The Kwagh-hir Festival From Benue State


Kwagh-hir theatre is one of such rich cultural displays in Benue State that celebrate the inherent creativity of the people and has immense economic benefits.



However, let me quickly point out herethat, I do not have the authority to profess about Kwagh-hir theatre, particularly to the inventors and custodians of the creative art.

It will be saying one is more proficient in use of English than the owners of the English language. I say this because the first professor of Theatre Arts from the whole of Northern Nigeria, Professor Shamsudeen O. O. Amali, is from Benue State. Secondly, the first person to carry out very extensive research work to draw attention to Kwagh-hir theatre, Professor Iyorwuese Hagher, is another proud son of Benue State.

His seminal work, The Kwaghhir Theatre: A Metaphor of Resistance has been a ready source book for critical studies on Kwagh-hir. Thirdly, we have very distinguished theatre professors like Charity Angya, James Alachi, Saint Gbilekaa, Idris Amali, Tor Iorapuu, Ameh Dennis Akoh, Ama Gowon Doki, Kwaghkondo Agber, and many others, from Benue State, who have contributed immensely to studies on Kwagh-hir theatre.

But come to think of it; if you ask me, I will say they have no option, because, if you do not tell your stories, nobody can tell them very well for you.

A personal interaction with some young ones revealed that they have no idea of Kwaghhir. If they have knowledge of the dynamics of Kwagh-hir, they can definitely not be apostles of the festival celebrating it. I became aware of Kwagh-hir around 1981, when Frank Speed (our lecturer in Film Production at the University of Calabar then), did a documentary on it with Peggy Harper.

The brief background of Kwagh-hir theatre here is informed by the realisation that, the younger generation is adequately informed about this veritable “weapon of social action,” as Don Rupin puts it.

According to Iyorwuese Hagher, Kwagh-hir dates back to the early 20th century in the lives of the Tiv people. Rupin points out that, the stories of the performances are as simple and straightforward as possible: farmers farming, family’s passing on traditions, men and women working, but “coded with particular Tiv inflections speaking to those who understood the deeper notions of cultural independence.”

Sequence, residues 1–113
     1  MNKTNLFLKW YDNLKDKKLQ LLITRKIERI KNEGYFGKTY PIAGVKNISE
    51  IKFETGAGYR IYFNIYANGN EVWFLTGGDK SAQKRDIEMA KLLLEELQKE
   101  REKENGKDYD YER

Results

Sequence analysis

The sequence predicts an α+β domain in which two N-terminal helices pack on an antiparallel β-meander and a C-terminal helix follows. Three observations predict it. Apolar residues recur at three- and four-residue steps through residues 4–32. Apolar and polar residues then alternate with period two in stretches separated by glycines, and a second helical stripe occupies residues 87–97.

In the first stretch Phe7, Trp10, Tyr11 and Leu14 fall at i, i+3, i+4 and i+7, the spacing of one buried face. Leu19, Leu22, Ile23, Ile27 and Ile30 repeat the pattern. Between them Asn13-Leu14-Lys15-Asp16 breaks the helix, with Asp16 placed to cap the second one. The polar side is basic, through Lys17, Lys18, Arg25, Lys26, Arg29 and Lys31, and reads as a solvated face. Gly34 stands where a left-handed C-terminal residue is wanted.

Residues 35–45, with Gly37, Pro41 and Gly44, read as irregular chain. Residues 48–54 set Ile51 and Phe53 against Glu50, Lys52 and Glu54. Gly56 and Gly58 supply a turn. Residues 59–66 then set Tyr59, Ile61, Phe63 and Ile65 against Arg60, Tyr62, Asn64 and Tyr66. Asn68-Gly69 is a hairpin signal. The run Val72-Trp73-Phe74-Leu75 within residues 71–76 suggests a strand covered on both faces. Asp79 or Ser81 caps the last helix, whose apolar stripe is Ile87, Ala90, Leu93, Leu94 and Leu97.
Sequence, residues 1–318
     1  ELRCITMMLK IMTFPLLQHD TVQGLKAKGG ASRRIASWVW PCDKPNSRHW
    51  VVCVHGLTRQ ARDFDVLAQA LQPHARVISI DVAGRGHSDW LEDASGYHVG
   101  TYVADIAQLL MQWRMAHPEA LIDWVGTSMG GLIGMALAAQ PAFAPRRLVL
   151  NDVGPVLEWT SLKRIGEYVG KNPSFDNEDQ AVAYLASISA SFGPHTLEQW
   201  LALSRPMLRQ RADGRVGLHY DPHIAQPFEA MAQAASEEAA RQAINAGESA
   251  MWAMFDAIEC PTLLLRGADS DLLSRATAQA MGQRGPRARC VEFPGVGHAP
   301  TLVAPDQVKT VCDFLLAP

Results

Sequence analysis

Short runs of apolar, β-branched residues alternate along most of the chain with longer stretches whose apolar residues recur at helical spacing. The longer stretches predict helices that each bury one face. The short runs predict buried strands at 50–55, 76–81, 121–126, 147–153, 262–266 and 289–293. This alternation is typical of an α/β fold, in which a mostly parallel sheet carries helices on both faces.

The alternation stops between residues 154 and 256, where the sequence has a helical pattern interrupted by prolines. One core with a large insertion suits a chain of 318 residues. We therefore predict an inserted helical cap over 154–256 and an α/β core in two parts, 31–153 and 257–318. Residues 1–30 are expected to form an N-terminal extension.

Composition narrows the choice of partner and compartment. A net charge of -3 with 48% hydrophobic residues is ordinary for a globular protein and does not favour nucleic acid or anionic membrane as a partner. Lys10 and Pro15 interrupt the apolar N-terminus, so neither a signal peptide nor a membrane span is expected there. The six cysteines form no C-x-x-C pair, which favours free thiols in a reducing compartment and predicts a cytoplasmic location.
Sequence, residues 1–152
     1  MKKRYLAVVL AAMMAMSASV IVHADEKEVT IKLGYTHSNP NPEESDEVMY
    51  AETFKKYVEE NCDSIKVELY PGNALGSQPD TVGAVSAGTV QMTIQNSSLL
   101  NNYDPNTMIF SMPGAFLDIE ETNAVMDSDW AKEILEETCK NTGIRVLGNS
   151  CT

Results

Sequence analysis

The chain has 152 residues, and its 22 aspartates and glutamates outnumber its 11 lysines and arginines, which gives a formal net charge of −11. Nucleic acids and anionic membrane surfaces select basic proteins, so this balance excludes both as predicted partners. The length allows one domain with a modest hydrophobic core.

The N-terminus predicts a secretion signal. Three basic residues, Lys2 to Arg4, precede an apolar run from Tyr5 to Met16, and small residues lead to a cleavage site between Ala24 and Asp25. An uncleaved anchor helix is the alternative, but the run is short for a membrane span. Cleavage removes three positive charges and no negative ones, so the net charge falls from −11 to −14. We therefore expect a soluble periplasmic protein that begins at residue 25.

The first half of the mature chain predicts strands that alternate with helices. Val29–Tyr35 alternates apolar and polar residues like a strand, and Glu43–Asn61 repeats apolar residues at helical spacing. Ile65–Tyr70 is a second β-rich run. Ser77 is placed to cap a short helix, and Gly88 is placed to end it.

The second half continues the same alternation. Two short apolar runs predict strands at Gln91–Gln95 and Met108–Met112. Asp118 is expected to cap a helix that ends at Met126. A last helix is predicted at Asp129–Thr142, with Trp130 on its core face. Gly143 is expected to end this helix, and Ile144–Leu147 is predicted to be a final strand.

As a point of fact, Iyorwuese Hagher avers that, the Kwagh-hir theatre can be located in the history and traditions of the Tiv people, adding that it origin can be said to be in three phases, the foremost it being rooted in the storytelling tradition of the people. The storyteller used symbols, costumes and props in
enacting his stories, just as he acts out, mimes and dances to give life to his acts (Hagher 51; see also Akinsipe ).

Edith Enem points out that, Kwagh-hir performances usually take place in the night, serving as entertainment for the people; and that they draw large audiences. The various instruments used during the performances also showcase historical events and the rich culture of the Tiv people. She adds that, Kwagh-hir has survived to the present day despite attempts by opposing factions to use it to aggravate social disharmony. To Enem, this existence is attributable to its elastic nature and the people’s passion for dance and drama.

The Kwagh-hir theatre continues to display those situations, attitudes and social behaviours,which are  found both in Tiv land and universal human conditions (Enem 249-251). Put succinctly, Kwagh-hir provides memorable entertainment in its dramatisation of Tiv folklore and social commentary.

Discussing the sculptural elements in Kwagh-hir, Elizabeth Nyager observes that it is a dynamic theatre, a puppet theatre featuring both giant puppets (ubermeronmettes) and smaller ones, which are manipulated on mobile platforms, adding that, Kwagh-hir features masquerade displays
of both animal and human representations.

The mask is therefore an important feature of Kwagh-hir theatre and sculpturing an equally dynamic super-activity/element in Kwaghhir theatre.

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